Monthly Archives: September 2011
Keith Bell accepted an appointment by the Tennessee ABC to serve as Assistant Director, at yesterday’s ABC meeting. We hear he starts Monday October 3.
The Assistant Director has historically been in charge of restaurants, hotels and other on-premise LBD licensees. We expect Mr. Bell will assume the role of LBD chief from TABC Director Danielle Elks, who has been filing in for Caroline Smith for nearly a year after her resignation.
Mr. Bell will have to become indoctrinated in the byzantine laws and unwritten customs that are all too familiar to industry insiders.
Mr. Bell most recently comes from a real estate title company in Hendersonville. He is a 1982 grad of the University of Tennessee law school.
In other LBD news, reliable sources report that Nashville ABC front desk staffer Melissa is being trained to take over LBD renewals for Grace, whose last day is this Friday. Melissa will be sorely missed at the front desk, but we wish her well with handling the huge volume of renewals.
Stay tuned for more.
Renewing restaurant, hotel and liquor-by-the-drink licenses in Tennessee has never been painless. Busy staff regularly forget to pass along the renewal paperwork to corporate. Even after filing, renewals are often delayed – and citations issued – because Revenue shows taxes due or reports LBD bond issues. Exacerbating the frustration, Revenue records frequently show taxes owed, when in fact, no taxes are due.
Hold on to your seats. Things are poised to get worse.
Longtime Nashville Tennessee ABC renewal staffer Grace Buchanan is leaving for a new gig at Vanderbilt this Friday.
To make matters worse, Tracey Richards at Revenue, who gives tax clearance and manages bonds, has been promoted and transferred, leaving her colleague, Rondle John, and supervisor Martha Potter to handle LBD tax clearance and bonds for the entire state. Their job is complicated by ancient technology that often shows incorrect tax data, for no apparent reason.
We hear that there are no plans to replace either Grace at the ABC or Tracey at Revenue. Despite both positions being critical to a large source of tax revenue (LBD pays up to 24.75% tax on sales), the state hiring freeze may mean the positions remain vacant indefinitely.
Renewals could be considerably more complicated for some time. Welcome to Hades.
Controversy surrounding alcoholic beverages is not a new phenomenon. Tennessee is currently torn by the debate over wine in grocery stores. But alcohol has divided Americans politically since our nation was born, often causing unusual alliances like the coalition of conservative church groups, liquor wholesalers and liquor store owners that currently oppose wine in grocery stores in Tennessee.
The Whiskey Rebellion is a fascinating nugget from the colorful history of alcohol, worthy of reflection.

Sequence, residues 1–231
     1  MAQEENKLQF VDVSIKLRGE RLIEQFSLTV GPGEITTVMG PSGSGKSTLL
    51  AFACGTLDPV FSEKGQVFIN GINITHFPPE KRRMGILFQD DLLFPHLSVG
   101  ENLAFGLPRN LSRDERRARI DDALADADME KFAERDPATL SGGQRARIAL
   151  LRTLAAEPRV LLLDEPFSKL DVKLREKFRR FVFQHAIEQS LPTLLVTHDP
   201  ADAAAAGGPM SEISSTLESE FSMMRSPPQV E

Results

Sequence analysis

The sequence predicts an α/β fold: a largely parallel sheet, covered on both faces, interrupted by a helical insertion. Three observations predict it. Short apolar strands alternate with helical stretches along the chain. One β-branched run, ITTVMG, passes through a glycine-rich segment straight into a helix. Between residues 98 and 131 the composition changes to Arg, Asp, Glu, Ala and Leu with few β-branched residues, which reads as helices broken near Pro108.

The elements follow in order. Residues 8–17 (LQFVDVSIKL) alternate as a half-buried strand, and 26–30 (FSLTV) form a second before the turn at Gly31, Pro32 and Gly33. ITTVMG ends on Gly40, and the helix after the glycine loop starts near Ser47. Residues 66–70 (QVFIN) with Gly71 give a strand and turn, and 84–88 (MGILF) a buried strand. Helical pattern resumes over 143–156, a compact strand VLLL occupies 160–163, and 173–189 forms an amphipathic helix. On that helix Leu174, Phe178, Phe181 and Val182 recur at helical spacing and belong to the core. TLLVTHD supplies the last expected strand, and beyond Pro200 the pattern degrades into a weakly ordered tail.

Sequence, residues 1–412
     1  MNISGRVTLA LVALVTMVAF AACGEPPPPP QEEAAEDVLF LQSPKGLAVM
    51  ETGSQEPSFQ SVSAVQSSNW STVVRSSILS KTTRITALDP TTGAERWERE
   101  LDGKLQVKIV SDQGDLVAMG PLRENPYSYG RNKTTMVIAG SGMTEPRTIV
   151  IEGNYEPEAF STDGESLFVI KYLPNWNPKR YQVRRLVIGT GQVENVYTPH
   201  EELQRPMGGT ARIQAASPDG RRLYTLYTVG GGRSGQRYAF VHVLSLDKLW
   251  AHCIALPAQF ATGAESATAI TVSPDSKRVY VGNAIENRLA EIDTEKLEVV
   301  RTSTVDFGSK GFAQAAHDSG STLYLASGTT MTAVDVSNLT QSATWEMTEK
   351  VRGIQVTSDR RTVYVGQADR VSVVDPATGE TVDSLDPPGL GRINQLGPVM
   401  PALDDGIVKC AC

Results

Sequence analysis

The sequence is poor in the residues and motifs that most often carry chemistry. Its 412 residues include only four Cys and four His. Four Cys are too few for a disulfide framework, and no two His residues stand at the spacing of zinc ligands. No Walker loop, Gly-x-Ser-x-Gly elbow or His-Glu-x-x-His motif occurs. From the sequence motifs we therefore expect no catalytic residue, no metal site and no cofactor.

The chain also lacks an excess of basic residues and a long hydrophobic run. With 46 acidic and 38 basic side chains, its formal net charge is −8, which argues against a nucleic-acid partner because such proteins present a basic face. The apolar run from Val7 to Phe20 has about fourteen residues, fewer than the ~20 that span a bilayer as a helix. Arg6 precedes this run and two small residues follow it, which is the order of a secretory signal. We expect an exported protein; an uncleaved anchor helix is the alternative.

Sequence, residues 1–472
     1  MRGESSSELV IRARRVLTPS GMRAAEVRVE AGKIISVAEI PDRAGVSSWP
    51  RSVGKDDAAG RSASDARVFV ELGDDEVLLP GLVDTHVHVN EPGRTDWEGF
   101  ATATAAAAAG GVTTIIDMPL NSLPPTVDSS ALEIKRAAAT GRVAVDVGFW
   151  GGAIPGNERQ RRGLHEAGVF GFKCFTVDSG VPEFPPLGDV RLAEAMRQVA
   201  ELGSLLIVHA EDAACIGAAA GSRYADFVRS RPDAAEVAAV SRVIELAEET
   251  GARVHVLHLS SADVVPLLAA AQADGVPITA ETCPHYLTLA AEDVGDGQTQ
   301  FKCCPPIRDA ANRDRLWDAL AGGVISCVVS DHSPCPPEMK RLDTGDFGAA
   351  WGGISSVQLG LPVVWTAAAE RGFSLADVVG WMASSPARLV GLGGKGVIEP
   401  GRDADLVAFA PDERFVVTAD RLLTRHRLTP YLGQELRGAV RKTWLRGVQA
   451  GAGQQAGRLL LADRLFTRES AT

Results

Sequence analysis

The Whiskey Tax was the very first federal internal revenue tax, levied in 1791 to help pay for revolutionary war debt. The tax divided large and small distillers, by taxing smaller distillers at about twice the rate as large distillers.
The tax also pitted more-established Eastern towns, home to larger distillers, against frontier areas with small distilleries, where distilling crops to whiskey was one of the few ways to make money to purchase essential goods. Hauling whiskey by wagon on mud roads over the Appalachian Mountains was a much easier way for farmers to make money than trying to haul corn or other crops.
The tax – and unfairness of the tax for small distilleries in the frontier – fueled discontent about the lack of federal support for basic frontier needs, like troops to protect frontier towns from Native American attacks. Federal revenue agents were tarred and feathered, and eventually, frontier folks rose in arms in Western Pennsylvania.
The dispute ultimately lead President Washington to become the only sitting President to command troops in battle. The insurrection was quashed and the federal government’s ability to tax was firmly established. The tax also established the government’s ability to require every distillery to register.
A few days ago according to a reliable source, Memphis police visited a Kroger store and told the store to stop selling beer because some of the employees did not have Memphis employee cards. Memphis police were reported as advising Kroger that beer sales should be halted in any Memphis store where employees lacked the Memphis employee card.
We blogged about the card last month. Every employee that touches beer in Memphis must have a card, unless they have an ABC server permit card. The card costs $50 and requires a TBI background check.
We wondered if Memphis police would enforce the requirement. The Kroger raid shows that Memphis is serious.
The raid has drawn attention from several large retail chains concerned about compliance with the law. Reliable sources report that the Mayor of Memphis unofficially asked the police chief to stop enforcing the law for the next 30 days, presumably to allow retailers time to come into compliance.
Several industry members are using the unofficial moratorium to advocate against the law, hoping to repeal or simplify the employee registration requirement. We see the law as an expensive and burdensome requirement that does little to prevent sales to minors, or promote other legitimate regulatory concerns.
The employee card requirement also appears to exceed the city’s power to regulate beer, making it illegal.
We encourage retailers and Memphis wholesalers to speak up quickly to help bring balance to the debate.